iPhone, meet Exchange: Will Apple make them talk?

by Bharat Suneja

March 6 is here, and the iPhone’s software roadmap, including the much talked about “enterprise features” should be public in a few hours, along with the release or another announcement of the iPhone SDK.

In the past, there have been plenty of rumors and some “confirmations” about Apple having licensed Microsoft’s Exchange ActiveSync (EAS) protocol (read previous post “Apple Licenses Exchange ActiveSync for the iPhone?“). If Apple does announce availability of EAS on the iPhone, will it become the new smartphone of choice in the enterprise?

It may not be an easy task. IT departments would need to be convinced about security and manageability of the device. Being the closed device that it has been since its inception, it will be interesting to see whether (and how) Apple provides this much needed control to IT.

ActiveSync isn’t the only option available to Apple. iPhone users can use IMAP protocol to connect to mail servers that support it, including Microsoft Exchange. However, the experience isn’t quite comparable to EAS or RIM’s BlackBerry, and IMAP isn’t supported in many organizations.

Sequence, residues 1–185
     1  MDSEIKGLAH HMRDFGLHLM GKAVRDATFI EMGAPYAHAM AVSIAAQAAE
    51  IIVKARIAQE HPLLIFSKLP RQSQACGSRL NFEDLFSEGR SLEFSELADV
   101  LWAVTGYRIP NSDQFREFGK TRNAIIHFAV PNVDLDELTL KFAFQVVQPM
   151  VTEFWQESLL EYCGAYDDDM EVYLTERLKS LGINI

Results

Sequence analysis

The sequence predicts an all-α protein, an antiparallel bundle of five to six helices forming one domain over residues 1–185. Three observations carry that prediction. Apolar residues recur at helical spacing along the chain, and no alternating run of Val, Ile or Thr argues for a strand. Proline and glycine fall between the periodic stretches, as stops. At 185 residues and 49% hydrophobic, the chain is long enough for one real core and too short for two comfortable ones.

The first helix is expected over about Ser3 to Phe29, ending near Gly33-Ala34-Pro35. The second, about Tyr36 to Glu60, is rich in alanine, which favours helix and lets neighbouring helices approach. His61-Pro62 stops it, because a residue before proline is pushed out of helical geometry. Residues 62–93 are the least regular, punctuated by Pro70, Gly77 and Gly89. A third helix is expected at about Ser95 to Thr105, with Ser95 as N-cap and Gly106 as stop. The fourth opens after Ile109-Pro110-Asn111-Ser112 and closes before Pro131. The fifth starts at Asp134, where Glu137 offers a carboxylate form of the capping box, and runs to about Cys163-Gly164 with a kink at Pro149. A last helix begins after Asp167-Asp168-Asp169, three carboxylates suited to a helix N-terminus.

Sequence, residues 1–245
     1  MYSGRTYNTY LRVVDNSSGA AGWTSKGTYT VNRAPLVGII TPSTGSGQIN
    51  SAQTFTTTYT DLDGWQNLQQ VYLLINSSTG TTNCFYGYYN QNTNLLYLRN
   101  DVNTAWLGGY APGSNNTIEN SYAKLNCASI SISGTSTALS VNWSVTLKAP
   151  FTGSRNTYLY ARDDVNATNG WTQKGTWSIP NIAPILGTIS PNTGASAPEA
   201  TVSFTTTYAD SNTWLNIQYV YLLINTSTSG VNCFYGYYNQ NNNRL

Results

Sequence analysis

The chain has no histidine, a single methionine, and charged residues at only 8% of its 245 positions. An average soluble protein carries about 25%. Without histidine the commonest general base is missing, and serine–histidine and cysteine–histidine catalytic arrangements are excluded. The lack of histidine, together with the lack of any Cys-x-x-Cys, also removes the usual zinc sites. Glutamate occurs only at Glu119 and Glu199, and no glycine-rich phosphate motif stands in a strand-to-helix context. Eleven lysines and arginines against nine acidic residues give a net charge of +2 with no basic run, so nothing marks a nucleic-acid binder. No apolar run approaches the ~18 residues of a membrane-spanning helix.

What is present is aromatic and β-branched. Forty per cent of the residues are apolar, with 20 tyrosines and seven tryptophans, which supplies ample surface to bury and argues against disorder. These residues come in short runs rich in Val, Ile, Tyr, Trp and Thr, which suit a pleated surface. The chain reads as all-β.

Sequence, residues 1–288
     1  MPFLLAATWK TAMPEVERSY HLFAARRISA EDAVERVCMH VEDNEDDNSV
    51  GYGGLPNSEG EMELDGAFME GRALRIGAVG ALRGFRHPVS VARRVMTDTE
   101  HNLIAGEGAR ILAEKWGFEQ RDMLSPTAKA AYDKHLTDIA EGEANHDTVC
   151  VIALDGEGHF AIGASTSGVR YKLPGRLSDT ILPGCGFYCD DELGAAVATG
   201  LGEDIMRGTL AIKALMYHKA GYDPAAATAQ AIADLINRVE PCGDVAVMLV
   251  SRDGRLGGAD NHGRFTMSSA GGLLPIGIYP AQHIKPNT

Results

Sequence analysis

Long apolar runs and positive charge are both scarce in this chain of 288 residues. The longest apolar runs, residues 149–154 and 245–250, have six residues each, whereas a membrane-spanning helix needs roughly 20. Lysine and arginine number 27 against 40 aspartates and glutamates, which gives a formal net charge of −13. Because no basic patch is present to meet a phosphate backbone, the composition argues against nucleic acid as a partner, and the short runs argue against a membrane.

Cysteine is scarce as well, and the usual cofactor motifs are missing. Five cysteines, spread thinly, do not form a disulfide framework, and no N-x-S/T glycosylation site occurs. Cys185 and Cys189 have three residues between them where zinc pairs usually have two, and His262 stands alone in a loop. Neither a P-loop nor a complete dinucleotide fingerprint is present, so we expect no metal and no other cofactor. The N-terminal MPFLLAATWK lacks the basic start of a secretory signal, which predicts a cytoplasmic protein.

Given the high penetration of RIM’s BlackBerry Enterprise Server (BES) in organizations world-wide, making a version of RIM’s BlackBerry Connect software available on the iPhone would instantly make it much more attractive to enterprise users. BlackBerry Connect allows non-BlackBerry devices to work with BES (read previous post: “RIM does a BlackBerry on Windows Mobile“).

Yet another option would be to buy or create its own middleware – the Apple version of a BlackBerry or GoodLink server. It’s hard to see what Apple would gain with such an approach – it wants to sell more iPhones, not compete with the big boys RIM and Microsoft.

Another important question Apple will need to answer— will the iPhone finally become carrier-independent? Tethered to a single wireless carrier with a slow wireless data network, it is unlikely to get as serious a consideration as it otherwise would if IT could simply buy the device and configure it to work on any carrier – either out-of-the-box, or perhaps using a configuration tool provided by Apple. Apple’s “fixed battery” approach isn’t likely to win it many fans in IT, and has attracted lawsuits in the past.

Whichever route Apple decides to take, time is right for the iPhone to make its enterprise move.

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